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5054 Taking Shared Decision Making from Concept to Clinical Practice: What Do Sickle Cell Healthcare Providers Need?

Program: Oral and Poster Abstracts
Session: 901. Health Services and Quality Improvement - Non-Malignant Conditions: Poster III
Hematology Disease Topics & Pathways:
Clinical Practice (Health Services and Quality), Clinical Research, Therapies
Monday, December 11, 2023, 6:00 PM-8:00 PM

Aimee K. Hildenbrand, PhD1,2*, Benjamin Bear, MS1*, Amanda M. Lewis, MPH1*, Corinna L. Schultz, MD2,3, Melissa A. Alderfer, PhD1,2* and Lori E. Crosby, PsyD4,5

1Center for Healthcare Delivery Science, Nemours Children's Health, Wilmington, DE
2Department of Pediatrics, Sidney Kimmel Medical College, Thomas Jefferson University, Philadelphia, PA
3Center for Cancer and Blood Disorders, Nemours Children's Health, Wilmington, DE
4Department of Pediatrics, College of Medicine, University of Cincinnati, Cincinnati, OH
5Division of Behavioral Medicine and Clinical Psychology, Cincinnati Children's Hospital Medical Center, Cincinnati, OH

Introduction: The landscape of therapies for sickle cell disease (SCD) is rapidly evolving. While hydroxyurea remains the gold standard treatment, since 2017 the FDA has approved three additional drugs (i.e., L-glutamine, voxelotor, crizanlizumab), and many others are under investigation. Thus, new therapies and multi-agent treatment approaches for SCD are on the horizon, along with increasingly complex treatment decisions for patients, caregivers, and clinicians. Best practice SCD guidelines recommend shared decision making (SDM; NHLBI, 2014) and SCD patients and caregivers strongly prefer a SDM approach when considering disease-modifying therapies (Jabour et al., 2019; Ross et al., 2016). SDM is a collaborative process in which patients, caregivers, and clinicians work in partnership to reach healthcare decisions based on scientific evidence and the patient’s/caregiver’s values, preferences, and treatment goals (Stiggelbout et al., 2012). SDM enhances patient and parent knowledge, engagement in the decision making process, and satisfaction with care (Stacey et al., 2014; Wyatt et al., 2015) and is particularly beneficial for marginalized groups (Durand et al., 2014). Evidence also suggests positive impacts of SDM on more distal outcomes, including adherence to the selected treatment (Hauser et al., 2015; Joosten et al., 2008) and health outcomes (Hauser et al., 2015; Tapp et al., 2017). However, few tools are available to facilitate SDM for SCD therapies (Crosby et al., 2019), and most healthcare providers who care for youth with SCD have not had specific training in SDM (Yawn et al., 2014). This study examined clinician perspectives on resources needed to foster SDM in the context of disease-modifying treatment decisions for SCD.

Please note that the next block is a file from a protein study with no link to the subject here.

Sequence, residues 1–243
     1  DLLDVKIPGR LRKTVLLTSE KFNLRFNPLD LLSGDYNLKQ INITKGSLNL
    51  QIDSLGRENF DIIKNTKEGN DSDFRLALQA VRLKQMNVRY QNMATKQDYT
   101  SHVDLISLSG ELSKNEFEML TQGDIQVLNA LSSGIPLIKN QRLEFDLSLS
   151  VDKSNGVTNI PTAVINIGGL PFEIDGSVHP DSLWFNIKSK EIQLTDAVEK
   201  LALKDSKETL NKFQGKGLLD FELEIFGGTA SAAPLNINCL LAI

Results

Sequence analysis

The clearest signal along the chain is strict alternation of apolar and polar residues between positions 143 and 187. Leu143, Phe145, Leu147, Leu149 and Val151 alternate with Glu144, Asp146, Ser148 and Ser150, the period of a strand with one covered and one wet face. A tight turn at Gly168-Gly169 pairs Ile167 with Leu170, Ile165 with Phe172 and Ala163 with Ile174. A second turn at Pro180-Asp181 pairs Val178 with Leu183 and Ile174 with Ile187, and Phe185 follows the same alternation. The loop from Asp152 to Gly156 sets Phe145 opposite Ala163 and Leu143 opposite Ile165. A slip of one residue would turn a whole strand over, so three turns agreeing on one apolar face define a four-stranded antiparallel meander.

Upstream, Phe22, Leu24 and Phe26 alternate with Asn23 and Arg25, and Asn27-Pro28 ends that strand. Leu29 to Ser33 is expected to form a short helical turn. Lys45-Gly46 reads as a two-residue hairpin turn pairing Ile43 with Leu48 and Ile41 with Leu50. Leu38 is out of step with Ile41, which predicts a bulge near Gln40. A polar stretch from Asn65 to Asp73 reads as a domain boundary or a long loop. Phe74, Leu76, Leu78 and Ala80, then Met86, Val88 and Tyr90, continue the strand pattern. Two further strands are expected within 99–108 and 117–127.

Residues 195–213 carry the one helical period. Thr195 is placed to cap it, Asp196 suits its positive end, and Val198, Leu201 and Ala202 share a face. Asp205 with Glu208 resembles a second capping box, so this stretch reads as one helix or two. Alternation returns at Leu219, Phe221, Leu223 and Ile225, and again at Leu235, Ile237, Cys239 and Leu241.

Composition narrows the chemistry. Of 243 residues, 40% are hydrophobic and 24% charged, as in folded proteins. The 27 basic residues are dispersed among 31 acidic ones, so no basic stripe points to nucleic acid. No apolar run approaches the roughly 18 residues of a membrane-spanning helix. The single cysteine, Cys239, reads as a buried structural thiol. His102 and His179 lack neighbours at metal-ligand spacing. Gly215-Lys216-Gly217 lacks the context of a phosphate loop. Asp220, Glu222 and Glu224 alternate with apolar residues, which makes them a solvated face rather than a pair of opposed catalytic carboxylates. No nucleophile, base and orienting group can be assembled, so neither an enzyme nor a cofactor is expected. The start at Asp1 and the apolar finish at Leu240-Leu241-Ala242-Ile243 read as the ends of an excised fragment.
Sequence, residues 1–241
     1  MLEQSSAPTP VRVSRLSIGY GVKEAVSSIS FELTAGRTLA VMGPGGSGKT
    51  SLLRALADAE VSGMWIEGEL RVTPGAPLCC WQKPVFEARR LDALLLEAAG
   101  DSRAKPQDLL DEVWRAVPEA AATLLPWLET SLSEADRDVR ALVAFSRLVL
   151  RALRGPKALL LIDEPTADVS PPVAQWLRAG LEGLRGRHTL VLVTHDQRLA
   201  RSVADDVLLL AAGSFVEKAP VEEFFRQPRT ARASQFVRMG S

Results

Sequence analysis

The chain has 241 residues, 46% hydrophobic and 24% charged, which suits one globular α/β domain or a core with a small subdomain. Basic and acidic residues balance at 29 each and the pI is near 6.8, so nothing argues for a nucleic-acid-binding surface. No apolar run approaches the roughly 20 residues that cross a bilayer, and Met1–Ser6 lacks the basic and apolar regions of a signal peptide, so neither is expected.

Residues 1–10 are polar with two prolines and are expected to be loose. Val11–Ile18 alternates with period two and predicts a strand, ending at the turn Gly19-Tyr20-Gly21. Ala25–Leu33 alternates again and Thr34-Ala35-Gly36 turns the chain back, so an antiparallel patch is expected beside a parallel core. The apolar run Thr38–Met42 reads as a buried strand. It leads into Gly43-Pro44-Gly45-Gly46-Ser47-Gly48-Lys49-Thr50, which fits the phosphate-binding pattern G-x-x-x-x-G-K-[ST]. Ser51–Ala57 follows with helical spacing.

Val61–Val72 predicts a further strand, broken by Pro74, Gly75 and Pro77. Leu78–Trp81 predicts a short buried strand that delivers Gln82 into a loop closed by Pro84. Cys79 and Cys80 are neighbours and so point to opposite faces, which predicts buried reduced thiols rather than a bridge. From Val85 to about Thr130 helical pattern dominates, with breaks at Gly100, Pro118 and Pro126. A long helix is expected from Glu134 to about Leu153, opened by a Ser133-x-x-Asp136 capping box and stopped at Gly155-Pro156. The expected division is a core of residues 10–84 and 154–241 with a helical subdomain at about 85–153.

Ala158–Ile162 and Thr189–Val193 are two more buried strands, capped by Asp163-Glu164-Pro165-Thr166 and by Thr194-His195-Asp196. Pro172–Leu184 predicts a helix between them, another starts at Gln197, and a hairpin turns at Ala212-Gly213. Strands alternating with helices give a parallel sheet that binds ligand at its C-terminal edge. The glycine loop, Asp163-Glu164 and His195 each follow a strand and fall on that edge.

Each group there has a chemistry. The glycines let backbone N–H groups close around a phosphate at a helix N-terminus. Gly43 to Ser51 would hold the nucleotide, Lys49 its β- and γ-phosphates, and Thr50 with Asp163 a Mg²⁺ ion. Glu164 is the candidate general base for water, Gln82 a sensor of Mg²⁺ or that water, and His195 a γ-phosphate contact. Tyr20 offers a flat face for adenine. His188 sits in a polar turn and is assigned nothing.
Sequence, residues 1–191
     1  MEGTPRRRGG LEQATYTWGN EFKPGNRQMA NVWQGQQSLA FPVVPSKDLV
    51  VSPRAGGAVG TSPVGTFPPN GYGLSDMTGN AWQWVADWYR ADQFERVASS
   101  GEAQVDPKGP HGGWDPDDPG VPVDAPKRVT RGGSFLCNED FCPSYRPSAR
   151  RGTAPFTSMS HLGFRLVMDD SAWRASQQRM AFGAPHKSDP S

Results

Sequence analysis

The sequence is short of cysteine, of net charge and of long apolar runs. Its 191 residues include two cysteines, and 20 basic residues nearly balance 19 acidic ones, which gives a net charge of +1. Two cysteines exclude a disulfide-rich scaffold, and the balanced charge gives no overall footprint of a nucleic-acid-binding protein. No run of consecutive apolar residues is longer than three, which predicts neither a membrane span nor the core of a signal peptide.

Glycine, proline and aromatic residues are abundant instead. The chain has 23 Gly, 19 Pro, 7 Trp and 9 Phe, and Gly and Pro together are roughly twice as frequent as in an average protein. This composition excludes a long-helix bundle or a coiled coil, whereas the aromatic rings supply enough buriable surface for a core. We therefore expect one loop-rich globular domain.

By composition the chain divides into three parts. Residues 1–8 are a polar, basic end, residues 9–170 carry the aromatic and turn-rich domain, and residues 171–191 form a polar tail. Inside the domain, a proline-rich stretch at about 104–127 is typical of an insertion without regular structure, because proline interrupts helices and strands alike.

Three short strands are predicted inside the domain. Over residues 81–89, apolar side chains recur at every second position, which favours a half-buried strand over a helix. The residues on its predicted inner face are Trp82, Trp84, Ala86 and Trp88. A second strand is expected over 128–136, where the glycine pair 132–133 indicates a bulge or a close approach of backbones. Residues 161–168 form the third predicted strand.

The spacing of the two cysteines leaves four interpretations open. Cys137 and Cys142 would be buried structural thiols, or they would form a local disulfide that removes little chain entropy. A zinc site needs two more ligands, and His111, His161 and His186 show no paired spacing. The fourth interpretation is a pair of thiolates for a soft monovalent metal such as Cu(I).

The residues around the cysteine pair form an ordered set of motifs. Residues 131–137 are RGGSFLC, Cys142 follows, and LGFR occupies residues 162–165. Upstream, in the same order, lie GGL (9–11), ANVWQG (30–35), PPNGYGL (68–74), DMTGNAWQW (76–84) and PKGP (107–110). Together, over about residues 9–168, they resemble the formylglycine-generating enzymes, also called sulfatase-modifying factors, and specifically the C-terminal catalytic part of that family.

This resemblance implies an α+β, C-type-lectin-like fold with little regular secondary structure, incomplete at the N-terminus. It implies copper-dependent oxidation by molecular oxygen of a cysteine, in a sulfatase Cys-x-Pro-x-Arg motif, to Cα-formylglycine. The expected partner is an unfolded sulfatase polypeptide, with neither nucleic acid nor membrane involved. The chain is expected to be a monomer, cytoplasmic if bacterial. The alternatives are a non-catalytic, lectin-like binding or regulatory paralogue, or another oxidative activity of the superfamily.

Methods: SCD providers were recruited from across the United States using maximum variation purposeful sampling to ensure diversity in provider characteristics (age, sex, race, discipline, years in profession) and clinics (region, patient volume). After electronic consent, providers completed a demographics survey and joined a private online “crowd” on Slack. There were five waves of data collection; during each wave, a series of 4-5 questions were posed to the crowd. Providers were paid for each question they answered and encouraged to view and respond to others’ posts. Thematic content analysis was used to summarize perspectives on resources needed to help healthcare providers better engage patients and caregivers in SDM for sickle cell therapies. Two raters independently coded each provider’s responses; coding discrepancies were resolved via group discussion to consensus.

Results: Of the 59 SCD providers who enrolled, approximately two-thirds were female (67%) and 61% were White; the remainder of the sample identified as Asian (20%), Black or African American (10%), or Middle Eastern (3%). Most were non-Hispanic or Latino (95%). Providers included physicians (73%), nurse practitioners or advanced practice nurses (22%), and nurses (5%) with a wide range of years in practice (2 – 57, M=12.8, SD=10.6). Providers were employed at care centers serving pediatric patients (37%), adult patients (29%), or both pediatric and adult patients with SCD (34%), with annual patient volume ranging from 16 to 2200 (M=420.5, SD=405.1). Across the waves of data collection, response rates ranged from 53-59%.

These clinicians identified five resources necessary to optimize SDM for disease-modifying therapies: 1) well-staffed multidisciplinary care teams; 2) high quality patient education materials; 3) billing and reimbursement policies that incentivize SDM; 4) resources to address social determinants of health barriers; and, 5) peer mentoring and support programs for patients. See Table 1 for illustrative quotes.

Conclusions: Providers identified several supports and resources to facilitate SDM with individuals with SCD. Findings from this study will inform the development of a multi-component SDM intervention, including decision support tools for patients, caregivers, and healthcare providers and clinic-based implementation tools.

Acknowledgements: This research was supported by the National Institute of General Medical Sciences of the National Institutes of Health under Award Number P20GM109021. The content is solely the responsibility of the authors and does not necessarily represent the official views of the National Institutes of Health.

Disclosures: No relevant conflicts of interest to declare.

*signifies non-member of ASH